U.S. Think Tank Calls for Talks on Redeploying Nukes to S.Korea

  • By Lee Min-seok

    January 20, 2023 13:24

    A leading U.S. think tank has called for South Korea and the U.S. to start discussing the redeployment of U.S. tactical nuclear weapons on the Korean Peninsula.
    The Center for Strategic and International Studies in a report urges South Korea and the U.S. to "lay pre-decisional groundwork for possible redeployment of U.S. low-yield nuclear weapons at some point in the future."
    It stresses the need to "consider allied tabletop planning exercises that would be explicitly pre-decisional and leave the timeline and scope of weapons deliberately ambiguous." In other words, the discussion would only have the character of a warning to North Korea over its escalating provocations and reassurance for South Koreans for now.
    The CSIS also expresses opposition to South Korea acquiring its own nuclear weapons. "Do not, under current circumstances, deploy U.S. tactical nuclear weapons to the Korean Peninsula [now] nor condone the acquisition of nuclear weapons by South Korea."
    It also recommends that South Korea and the U.S. "create a framework for joint nuclear planning" similar to a NATO planning group and "potentially explore the prospects for multilateral nuclear umbrella guarantees by engaging other like-minded partners, such as the U.K. and France."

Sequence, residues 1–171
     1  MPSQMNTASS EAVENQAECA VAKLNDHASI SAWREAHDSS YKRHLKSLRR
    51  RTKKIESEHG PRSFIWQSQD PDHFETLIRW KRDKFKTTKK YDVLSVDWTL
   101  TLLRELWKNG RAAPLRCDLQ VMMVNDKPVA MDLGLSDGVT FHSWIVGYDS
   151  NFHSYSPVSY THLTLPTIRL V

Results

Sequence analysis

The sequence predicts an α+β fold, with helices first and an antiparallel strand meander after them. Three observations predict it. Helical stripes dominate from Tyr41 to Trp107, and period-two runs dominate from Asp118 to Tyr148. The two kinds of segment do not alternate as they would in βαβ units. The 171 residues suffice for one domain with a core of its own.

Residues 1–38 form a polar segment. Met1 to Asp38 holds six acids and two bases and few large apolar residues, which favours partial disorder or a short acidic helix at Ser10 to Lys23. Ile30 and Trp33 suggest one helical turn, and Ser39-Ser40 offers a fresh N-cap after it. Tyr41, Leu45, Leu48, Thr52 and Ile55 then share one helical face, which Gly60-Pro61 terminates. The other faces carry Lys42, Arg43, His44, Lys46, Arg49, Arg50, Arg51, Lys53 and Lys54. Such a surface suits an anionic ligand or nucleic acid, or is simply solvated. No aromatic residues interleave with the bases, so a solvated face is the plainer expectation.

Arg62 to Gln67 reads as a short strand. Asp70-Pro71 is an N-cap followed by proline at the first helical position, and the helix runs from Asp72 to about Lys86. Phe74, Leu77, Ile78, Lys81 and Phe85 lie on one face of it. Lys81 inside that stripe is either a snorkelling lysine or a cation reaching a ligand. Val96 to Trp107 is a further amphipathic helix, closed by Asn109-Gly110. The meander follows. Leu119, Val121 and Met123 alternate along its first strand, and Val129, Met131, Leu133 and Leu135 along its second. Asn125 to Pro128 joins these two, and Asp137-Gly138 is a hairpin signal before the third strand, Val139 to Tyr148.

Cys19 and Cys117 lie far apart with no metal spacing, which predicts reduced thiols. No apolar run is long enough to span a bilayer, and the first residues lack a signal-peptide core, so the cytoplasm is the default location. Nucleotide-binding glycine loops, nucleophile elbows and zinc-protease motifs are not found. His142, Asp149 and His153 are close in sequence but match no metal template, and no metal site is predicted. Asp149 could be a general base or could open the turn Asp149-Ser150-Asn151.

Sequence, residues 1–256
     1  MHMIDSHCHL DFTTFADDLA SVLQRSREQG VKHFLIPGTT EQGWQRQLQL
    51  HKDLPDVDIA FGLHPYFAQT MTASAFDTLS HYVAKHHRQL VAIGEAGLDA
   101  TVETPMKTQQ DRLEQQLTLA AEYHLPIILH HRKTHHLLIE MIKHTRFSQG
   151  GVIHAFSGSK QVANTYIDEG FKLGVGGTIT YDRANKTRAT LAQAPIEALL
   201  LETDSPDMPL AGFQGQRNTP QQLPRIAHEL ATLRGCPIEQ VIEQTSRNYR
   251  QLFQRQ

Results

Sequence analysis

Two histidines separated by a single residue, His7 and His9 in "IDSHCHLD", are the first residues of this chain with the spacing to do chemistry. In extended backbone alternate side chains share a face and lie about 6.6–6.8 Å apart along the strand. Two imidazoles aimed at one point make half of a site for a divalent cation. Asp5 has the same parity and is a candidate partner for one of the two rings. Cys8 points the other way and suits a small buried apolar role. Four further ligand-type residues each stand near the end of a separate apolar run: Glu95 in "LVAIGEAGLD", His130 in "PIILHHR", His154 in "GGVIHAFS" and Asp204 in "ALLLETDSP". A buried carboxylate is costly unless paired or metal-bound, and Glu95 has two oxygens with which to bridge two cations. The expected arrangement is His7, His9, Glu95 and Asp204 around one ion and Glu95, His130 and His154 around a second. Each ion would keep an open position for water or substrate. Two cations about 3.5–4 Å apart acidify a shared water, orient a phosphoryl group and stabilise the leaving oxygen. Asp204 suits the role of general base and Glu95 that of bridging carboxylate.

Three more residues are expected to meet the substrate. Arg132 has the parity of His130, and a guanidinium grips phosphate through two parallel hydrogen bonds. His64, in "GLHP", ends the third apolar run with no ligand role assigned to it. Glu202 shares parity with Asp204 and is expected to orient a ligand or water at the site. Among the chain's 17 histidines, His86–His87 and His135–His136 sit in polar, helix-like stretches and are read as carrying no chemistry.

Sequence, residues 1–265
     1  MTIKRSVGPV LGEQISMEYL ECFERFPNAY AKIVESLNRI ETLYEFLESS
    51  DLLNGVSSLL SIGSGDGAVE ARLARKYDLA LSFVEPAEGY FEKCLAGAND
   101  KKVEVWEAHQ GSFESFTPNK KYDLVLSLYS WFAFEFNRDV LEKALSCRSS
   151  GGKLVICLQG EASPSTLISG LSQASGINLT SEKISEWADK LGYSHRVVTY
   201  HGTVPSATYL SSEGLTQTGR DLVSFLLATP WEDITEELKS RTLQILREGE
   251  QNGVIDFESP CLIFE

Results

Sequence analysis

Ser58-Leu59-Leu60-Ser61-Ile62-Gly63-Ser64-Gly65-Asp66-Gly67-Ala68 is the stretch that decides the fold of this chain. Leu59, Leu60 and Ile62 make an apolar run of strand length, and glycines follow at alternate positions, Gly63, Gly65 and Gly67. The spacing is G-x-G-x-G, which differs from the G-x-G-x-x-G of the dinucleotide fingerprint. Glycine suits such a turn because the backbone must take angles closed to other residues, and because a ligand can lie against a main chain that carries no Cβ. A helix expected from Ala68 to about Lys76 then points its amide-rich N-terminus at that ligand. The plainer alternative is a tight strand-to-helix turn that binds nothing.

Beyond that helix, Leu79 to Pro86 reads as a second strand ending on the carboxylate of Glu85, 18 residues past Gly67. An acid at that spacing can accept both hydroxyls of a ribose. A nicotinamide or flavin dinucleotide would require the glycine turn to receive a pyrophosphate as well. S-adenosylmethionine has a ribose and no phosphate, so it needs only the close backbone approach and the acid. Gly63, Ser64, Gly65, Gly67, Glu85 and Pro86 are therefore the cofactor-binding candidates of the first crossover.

The report was published by a Korea working group at the center that consists of 14 experts and former U.S. government officials, including Joseph Nye of Harvard University, Richard Armitage, a former deputy secretary of state; Victor Cha, the CSIS' Korea chair and Vincent Brooks, a former chief of the U.S. Forces Korea.
    The report warns that "North Korea's increasing weapons capabilities, its threats to use nuclear weapons for offensive purposes, and the vulnerability of U.S. national missile defense interceptors to North Korean multiple independent reentry vehicle technologies have led the South Koreans to question the credibility of U.S. extended deterrence."
    The threats are "generating doubts among U.S. allies in the region that Washington would put one of its own cities at risk by responding to a North Korean attack on an ally," it adds.
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